ZBrush and Keyshot are both very powerful programs that can do a variety of things. Being able to effectively utilize each in a number of ways can help even out your skill set. In this course, Designing Hard Surface Characters with ZBrush and Keyshot, you will build a futuristic robot in ZBrush and render it using Keyshot. First, you will learn the historical reference and modern analyses of robots to get a sense of direction and guidance for your own robot. Next you will dive into the topics of dynamesh sculpting and kit bashing. Finally, you will learn how to create a robot combining everything you learned in ZBrush and then render it using Keyshot. By the end of this course, you will know how to approach sculpting any type of hard surface character. Software Required: Zbrush, Keyshot.
Rafael Duffie is a 3D modeler and sculptor with over 15 years of combined design experience and 4 years in Film and Games. He has been tested under extreme pressure, not only in the military, but also in the television film industry, as well as the comic book industry.
Course Overview Hi everyone, my name is Rafael Duffie, and welcome to my course, Designing Hard Surface Characters with Zbrush and Keyshot. I'm a freelance character artist for film and games. In this course, we'll take an in-depth look at how I approach making robots and the history behind how the term robots came about. Some of the major topics that we'll cover include Dynamesh sculpting, kit bashing, sculpting hard surfaces and rendering in Keyshot. By the end of this course, you'll know how to approach sculpting any type of hard surface character. Before beginning the course, you should be familiar with Zbrush and Keyshot. I hope you'll join me on this journey to learn robot sculpting with the designing hard surface characters with Zbrush and Keyshot course at Pluralsight.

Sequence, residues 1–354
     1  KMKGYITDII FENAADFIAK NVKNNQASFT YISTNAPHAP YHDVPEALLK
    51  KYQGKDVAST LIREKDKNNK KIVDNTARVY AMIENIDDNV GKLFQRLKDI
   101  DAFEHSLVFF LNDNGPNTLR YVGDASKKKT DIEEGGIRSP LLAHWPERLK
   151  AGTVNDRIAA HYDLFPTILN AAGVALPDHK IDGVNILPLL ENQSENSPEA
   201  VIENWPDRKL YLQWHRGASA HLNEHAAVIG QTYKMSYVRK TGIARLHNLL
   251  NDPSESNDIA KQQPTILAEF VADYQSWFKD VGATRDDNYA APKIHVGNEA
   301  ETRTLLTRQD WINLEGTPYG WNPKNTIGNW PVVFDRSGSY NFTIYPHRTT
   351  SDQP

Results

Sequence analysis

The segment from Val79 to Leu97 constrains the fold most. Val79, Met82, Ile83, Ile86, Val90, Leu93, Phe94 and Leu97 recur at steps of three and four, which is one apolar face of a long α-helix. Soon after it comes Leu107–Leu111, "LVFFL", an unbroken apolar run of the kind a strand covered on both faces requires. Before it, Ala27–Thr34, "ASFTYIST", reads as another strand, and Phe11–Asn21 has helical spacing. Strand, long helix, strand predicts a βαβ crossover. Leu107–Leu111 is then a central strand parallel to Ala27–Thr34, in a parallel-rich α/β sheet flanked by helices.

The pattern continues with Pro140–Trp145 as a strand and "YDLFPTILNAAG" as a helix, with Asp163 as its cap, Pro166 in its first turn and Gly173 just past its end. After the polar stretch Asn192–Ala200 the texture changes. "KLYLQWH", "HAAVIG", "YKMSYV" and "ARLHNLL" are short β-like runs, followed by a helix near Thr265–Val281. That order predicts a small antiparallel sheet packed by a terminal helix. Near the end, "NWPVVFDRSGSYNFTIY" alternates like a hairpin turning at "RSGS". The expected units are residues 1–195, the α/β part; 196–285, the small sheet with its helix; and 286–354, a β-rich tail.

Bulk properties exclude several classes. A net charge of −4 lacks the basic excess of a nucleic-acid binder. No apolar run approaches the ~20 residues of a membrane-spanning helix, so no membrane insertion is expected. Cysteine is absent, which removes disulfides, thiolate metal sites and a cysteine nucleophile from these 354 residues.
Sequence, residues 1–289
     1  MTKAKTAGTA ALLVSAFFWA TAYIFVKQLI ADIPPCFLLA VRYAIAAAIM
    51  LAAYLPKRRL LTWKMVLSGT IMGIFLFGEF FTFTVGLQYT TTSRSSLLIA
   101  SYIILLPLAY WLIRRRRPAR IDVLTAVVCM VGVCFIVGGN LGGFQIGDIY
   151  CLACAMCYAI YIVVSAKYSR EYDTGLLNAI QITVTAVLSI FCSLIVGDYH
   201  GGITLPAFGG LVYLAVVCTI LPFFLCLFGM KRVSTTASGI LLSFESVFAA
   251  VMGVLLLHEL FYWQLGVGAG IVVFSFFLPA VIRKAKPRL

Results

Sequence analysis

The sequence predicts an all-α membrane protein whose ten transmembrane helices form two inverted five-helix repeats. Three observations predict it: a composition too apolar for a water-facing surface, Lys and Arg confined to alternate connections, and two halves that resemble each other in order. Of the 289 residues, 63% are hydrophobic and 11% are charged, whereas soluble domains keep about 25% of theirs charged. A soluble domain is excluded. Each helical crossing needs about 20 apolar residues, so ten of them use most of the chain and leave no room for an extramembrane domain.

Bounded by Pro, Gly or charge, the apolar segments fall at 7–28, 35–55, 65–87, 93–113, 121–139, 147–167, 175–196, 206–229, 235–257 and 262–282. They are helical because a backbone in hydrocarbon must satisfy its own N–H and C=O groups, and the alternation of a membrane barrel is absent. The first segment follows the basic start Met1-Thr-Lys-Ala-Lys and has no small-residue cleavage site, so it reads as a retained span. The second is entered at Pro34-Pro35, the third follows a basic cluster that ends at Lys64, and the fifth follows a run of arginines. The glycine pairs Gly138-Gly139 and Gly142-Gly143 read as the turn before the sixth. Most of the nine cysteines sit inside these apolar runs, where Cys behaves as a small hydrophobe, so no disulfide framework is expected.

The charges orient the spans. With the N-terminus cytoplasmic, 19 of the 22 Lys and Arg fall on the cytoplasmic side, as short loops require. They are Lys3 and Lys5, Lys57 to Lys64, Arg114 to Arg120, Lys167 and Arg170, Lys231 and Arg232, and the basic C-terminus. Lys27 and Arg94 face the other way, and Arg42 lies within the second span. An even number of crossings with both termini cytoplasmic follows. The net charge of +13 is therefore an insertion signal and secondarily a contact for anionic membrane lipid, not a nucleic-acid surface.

Historical Reference & Modern Analysis Welcome to the Designing Hard Surface Characters with ZBrush and Keyshot course. I wanted to start the course off by taking a look at the concept for the course. I took the liberty to design the character for the course myself. I created this character with levels of complexity, as well as levels of simplicity. I also wanted to make a character that was simple enough for you to understand how to design hard surface characters. The examples that I'm going to show later with the modern analysis are going to have some pretty complex robots, but since this is an introductory course, we want to make sure that we punch home the simple concepts of hard surface modeling so that it's easy to digest, and then you can use your creativity to create more complex shapes and designs. So, with that said, let's jump into the next clip and we're going to take a look at historical reference. So, I'll see you in the next clip.